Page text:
Anoka County Board approves redistricting plan

Six of the seven Anoka County Board seats will be on the general election ballot this year as a result of a redistricting plan approved by the board Tuesday.

The 2012 Anoka County Commissioner redistricting map approved by the county board Tuesday. Map: Anoka County
The 2012 Anoka County Commissioner redistricting map approved by the county board Tuesday. Map: Anoka County

Under the law, May 1 was the last day for the board to approve its 2012 redistricting map because filings open Tuesday, May 22 for this year’s election.

But because county board districts have to follow the precinct boundaries of its municipalities, the county could not finalize its plan until all the cities had adopted their precinct boundaries – the last one was Coon Rapids April 3, according to Anoka County Board Chairperson Rhonda Sivarajah, responsible commissioner for redistricting, who headed a committee of staff members to come up with the plan.

“We had to wait to do a lot of the work until we received all the information from the cities,” Sivarajah said in an interview with ABC Newspapers.

“It was a quick turnaround. The committee did have meetings earlier to set up basic principles.”

Only three of the seven county commissioner seats are scheduled to be on the ballot this year – District 5 (Commissioner Carol LeDoux), District 6 (Sivarajah) and District 7 (Commissioner Dan Erhart).

But because of a gain/or loss of 5 percent or more of the average district population, District 1 (Commissioner Matt Look), District 2 (Commissioner Andy Westerberg) and District 3 (Commissioner Robyn West), who were all elected to four-year terms in 2010, now find themselves back on the ballot again two years later.

Only County Commissioner Jim Kordiak in District 4, re-elected two years ago, won’t be on the ballot this year and will get to serve out his term until 2014 as the population shift in his district was a gain/loss of under 5 percent and did not meet the threshold.

But the redistricting plan also means that two of the six seats on this year’s ballot will only have two-year terms and will be back on the ballot in 2014.

According to Sivarajah, District 5 (LeDoux) and 7 (Erhart) were chosen for the two-year terms because they did not have to be on the ballot in 2002 as a result of the redistricting plan that followed the 2000 U.S. Census.

In drawing up the plan, Sivarajah said the committee tried to follow natural boundaries where possible and tried to make the districts more compact, Sivarajah said.

For example, that meant some shifting in boundaries in Blaine between District 3 (West) and District 6 (Sivarajah), according to Sivarajah.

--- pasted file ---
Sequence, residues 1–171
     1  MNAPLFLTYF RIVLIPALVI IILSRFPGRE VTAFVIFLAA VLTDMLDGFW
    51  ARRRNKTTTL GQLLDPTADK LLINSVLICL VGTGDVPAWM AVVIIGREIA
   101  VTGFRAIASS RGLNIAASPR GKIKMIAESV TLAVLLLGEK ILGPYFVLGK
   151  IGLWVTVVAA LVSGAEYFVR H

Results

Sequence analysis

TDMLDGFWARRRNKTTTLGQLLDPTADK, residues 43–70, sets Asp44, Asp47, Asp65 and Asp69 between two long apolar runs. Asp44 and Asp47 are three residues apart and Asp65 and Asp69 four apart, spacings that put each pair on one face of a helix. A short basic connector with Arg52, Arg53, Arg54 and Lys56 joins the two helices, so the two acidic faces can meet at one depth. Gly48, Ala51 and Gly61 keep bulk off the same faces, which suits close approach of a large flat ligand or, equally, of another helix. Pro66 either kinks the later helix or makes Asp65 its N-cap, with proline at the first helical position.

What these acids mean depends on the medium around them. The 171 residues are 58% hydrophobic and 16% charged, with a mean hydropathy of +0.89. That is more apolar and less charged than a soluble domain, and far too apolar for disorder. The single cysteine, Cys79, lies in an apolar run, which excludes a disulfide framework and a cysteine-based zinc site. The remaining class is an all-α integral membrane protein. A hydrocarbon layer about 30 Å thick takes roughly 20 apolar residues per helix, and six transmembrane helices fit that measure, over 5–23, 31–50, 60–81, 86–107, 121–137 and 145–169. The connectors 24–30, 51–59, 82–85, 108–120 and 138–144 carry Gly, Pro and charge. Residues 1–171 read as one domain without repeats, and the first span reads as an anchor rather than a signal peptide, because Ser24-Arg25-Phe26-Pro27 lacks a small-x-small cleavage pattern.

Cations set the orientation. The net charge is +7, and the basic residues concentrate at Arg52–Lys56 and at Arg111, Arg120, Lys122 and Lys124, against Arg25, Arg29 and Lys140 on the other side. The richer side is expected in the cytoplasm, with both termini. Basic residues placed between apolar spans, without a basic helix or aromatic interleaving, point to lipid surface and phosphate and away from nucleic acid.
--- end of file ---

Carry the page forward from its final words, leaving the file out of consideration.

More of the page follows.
In addition, the redistricting map avoids having four commissioner districts in one city, which would have meant that community would have majority representation on the board, Sivarajah said.

As well, the committee had to evaluate the minority population in the county to determine if there is a concentration of minority population within the county to link together for the purpose of electing a county commissioner, according to Sivarajah in her report to the board.

“Consequently, we have made no attempt to create a district based on racial characteristics,” Sivarajah wrote.

Under law, in redrawing county board district boundaries, the committee had to take the 2010 U.S. Census population total for the county, then divide it by seven (the number of county board districts) to come up with an average population per district, according to Sivarajah in her interview.

The percentage population difference for each district could not be more than 10 percent greater or less than the average district population, Sivarajah said.

The redistricting plan presented to the board Tuesday meets that requirement, she said.

Changes in the 2012 county board boundaries from the 2002 redistricting plan include:

• All of Oak Grove is now in District 1; before two-thirds was in District 2.

• Bethel moves from District 1 to District 2.

• Two precincts on the west side of Andover move from District 1 to District 7.

• A precinct in the northwest corner of Fridley shifts from District 3 to District 5.

• Part of Spring Lake Park is now in District 4, instead of all of it being in District 3.

• A new precinct created in northeast Blaine will be in District 6 instead of District 2 because of legislative boundary changes.

The board unanimously approved the redistricting plan without comment Tuesday.

Peter Bodley is at [email protected]